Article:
Last year’s Integrated Review, which set the direction for UK defence policy, now feels a lifetime ago — suddenly outdated as armies march in Europe. In the blink of an eye, politics more or less is defence.
British military thinking has not come to grips with the menace of Vladimir Putin’s Russia, which should have thrust the role of Britain’s Armed Forces firmly back into the public eye. That it did not was in part understandable, with political attention successively taken by concluding Brexit, devising a broad post-EU role on the global stage, the Covid-19 pandemic and then the withdrawal from Afghanistan.
Still, if the choices made in the Integrated Review last year were troubling at the time, they now seem jaw-dropping. Most of all, the Ministry of Defence’s announced yet another cut to the British Army’s already sparse troop numbers, slashed from 82,000 full-time soldiers to merely 72,500 — an entire Division’s worth, gone with the stroke of a pen.
Why slash British troops to their lowest since the 18th century?
The 2021 Integrated Review effectively ended the doctrine of British managed decline, heralding a major new role for Britain in the world through the so-called “Indo-Pacific tilt”. Given that the Review crystallised the imminent threats to British national security as led by the systematic challenges of a revisionist Russia and China, who both clearly sought to destabilise the post-Cold War liberal order, why did this paper also see fit to slash British troop numbers to their lowest point since the 18th century?
This was the trade-off that then-Chief of the Defence Staff General Sir Nick Carter chose to make, hedging his bets that a reduction in conventional mass — meaning armour and troop numbers — would be prudent if compensated for with an uplift in cyber, space and unconventional forces. Just last year, Boris Johnson himself told the Defence Select Committee that “the old concepts of fighting big tank battles on European land mass [are] over”. So no insurance policy was needed.
Where does this leave our ever-depleting armed forces, at a time when war threatens to spill over Ukraine’s borders and place further strain on British defence resources?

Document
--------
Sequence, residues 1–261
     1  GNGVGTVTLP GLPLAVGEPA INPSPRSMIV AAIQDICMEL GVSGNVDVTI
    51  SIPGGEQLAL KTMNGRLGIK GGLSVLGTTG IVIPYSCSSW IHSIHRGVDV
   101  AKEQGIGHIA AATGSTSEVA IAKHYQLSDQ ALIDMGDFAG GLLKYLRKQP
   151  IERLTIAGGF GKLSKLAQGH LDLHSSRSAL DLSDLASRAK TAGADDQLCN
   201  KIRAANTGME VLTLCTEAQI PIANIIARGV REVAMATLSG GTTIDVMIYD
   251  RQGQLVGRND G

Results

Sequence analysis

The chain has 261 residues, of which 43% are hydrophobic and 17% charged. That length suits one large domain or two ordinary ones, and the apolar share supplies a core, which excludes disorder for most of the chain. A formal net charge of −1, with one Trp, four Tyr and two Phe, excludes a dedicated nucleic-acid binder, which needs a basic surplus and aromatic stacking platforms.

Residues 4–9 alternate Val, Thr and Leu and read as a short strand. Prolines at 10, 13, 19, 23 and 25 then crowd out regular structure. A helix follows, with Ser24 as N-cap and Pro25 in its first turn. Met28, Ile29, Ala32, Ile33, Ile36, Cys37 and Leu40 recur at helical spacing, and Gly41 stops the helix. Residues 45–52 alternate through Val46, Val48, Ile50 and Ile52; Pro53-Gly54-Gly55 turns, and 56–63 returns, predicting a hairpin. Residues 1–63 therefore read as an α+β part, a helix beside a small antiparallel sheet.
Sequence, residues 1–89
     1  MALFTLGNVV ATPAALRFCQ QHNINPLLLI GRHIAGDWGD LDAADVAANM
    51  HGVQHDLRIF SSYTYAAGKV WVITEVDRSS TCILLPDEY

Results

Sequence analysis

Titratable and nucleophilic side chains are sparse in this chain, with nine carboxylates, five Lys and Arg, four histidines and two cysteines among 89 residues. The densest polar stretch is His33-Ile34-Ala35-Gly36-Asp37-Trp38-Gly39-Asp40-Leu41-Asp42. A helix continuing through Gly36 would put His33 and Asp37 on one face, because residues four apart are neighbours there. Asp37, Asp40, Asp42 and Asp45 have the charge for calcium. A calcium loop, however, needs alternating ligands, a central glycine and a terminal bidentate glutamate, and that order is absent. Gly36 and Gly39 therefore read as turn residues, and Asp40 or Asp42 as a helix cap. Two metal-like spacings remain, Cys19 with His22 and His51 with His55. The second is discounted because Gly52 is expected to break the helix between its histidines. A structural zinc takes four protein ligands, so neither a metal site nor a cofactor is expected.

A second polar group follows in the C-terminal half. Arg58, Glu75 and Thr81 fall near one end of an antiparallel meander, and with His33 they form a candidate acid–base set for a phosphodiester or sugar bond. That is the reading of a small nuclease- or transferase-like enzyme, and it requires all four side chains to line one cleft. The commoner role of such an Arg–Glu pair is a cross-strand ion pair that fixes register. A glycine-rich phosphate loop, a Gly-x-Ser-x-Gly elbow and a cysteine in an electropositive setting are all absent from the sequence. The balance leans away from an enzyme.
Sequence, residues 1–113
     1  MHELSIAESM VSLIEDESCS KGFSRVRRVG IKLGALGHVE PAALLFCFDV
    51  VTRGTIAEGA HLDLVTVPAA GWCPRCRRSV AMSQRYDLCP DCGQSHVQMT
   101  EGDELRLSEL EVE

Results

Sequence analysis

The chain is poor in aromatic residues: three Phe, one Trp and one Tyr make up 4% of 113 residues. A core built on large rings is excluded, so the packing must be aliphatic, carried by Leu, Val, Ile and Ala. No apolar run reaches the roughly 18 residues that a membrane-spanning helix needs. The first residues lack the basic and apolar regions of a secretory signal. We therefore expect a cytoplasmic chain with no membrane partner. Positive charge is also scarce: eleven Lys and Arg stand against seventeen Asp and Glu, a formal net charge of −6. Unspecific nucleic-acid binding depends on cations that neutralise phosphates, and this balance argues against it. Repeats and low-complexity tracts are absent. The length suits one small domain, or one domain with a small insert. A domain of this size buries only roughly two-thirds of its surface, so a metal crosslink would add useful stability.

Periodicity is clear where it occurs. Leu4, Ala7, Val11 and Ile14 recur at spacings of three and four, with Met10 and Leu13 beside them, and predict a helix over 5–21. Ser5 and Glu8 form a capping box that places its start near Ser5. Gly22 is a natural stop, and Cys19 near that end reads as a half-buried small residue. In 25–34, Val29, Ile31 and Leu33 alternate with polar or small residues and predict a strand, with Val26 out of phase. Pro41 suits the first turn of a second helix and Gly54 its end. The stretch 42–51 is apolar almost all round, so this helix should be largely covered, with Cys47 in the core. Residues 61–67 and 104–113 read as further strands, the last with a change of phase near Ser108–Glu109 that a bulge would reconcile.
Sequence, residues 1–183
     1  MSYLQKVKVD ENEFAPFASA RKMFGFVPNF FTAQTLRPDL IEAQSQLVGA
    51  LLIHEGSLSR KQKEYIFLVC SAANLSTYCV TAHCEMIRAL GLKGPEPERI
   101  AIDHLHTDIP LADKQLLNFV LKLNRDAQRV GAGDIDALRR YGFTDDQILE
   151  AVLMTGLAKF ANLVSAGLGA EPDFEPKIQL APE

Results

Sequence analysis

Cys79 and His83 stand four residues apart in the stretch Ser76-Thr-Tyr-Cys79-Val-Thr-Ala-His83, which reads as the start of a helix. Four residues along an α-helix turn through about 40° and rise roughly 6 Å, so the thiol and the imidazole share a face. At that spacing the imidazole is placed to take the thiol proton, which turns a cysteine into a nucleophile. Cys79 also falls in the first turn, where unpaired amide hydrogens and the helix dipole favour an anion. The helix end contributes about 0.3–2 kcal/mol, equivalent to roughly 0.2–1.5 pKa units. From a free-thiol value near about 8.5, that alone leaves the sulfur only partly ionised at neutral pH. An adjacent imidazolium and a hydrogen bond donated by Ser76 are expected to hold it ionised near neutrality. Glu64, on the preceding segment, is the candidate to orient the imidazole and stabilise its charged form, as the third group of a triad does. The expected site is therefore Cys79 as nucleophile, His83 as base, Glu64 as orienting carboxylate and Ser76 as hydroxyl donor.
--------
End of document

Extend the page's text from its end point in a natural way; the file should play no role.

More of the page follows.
For a start, one can see this week just how crucial morale is on the battlefield. The brave Ukrainians have it in bucketloads, whilst the bruised Russian forces are increasingly running low. Often regarded as the second most important principle of warfare (after selection and maintenance of the aim), morale is now being progressively eroded across the British Armed Forces, not just through deep and unnecessary personnel cuts, but by one of the few areas where the Army has been allowed to spend growing sums of money: on the woke Commissars who have seized control of large parts of the defence establishment.
Only last week, it was revealed that a report commissioned in December by the National Security Advisor, Sir Stephen Lovegrove, told intelligence officials to check their “white privilege” and avoid mansplaining to colleagues. This is the same man who has expressed support for BLM, whose aims include to “dismantle capitalism” and “defund” the police.
The military surrendered an entire day’s training to non-gendered pronouns
This happened at a time when Britain’s defence and intelligence community should have been focused on the Russian troops massing on Ukraine’s borders, not alienating its core recruitment demographic and imposing woke language to appease a misguided civilian agenda. This report was swiftly followed by the British military surrendering an entire day’s training in February to learning non-gendered pronouns and mandatory unconscious bias training.
As war ravages eastern Europe, the British military is being subjected to an increasingly daft — and, frankly, poisonous — woke culture which is harming the operational capability of the forces we will have left. This is strategically incoherent and leaves our military weaker.
The increased resources we now clearly need should be prioritised in two ways. The first is on long-range artillery systems. The second is to reverse the drastic cuts from last year’s defence paper to our heavy armour capability. The British Army had nearly 450 main battle tanks a decade ago. We now have only 227 and will soon be left with less than 150, leaving Britain unable to field a single war-fighting armoured division.
There is hope for the political and military leadership. Boris Johnson has shown resolve during the Ukrainian crisis, as undoubtedly President Zelensky’s most dependable European ally. The incoming Chief of the General Staff General Sir Patrick Sanders, a man grounded in the realities of combat from Afghanistan and a favourite among the troops, may steer the politicians away from further eroding the combat effectiveness of the British Armed Forces through the disaster of woke agendas and personnel cuts.
Our security ultimately rests on the capacity to defend ourselves from external aggression. That test is being meted out just a short flight from London on NATO’s flanks. The time has come to reverse the decline of the British military, and re-learn the doctrine of lethality.
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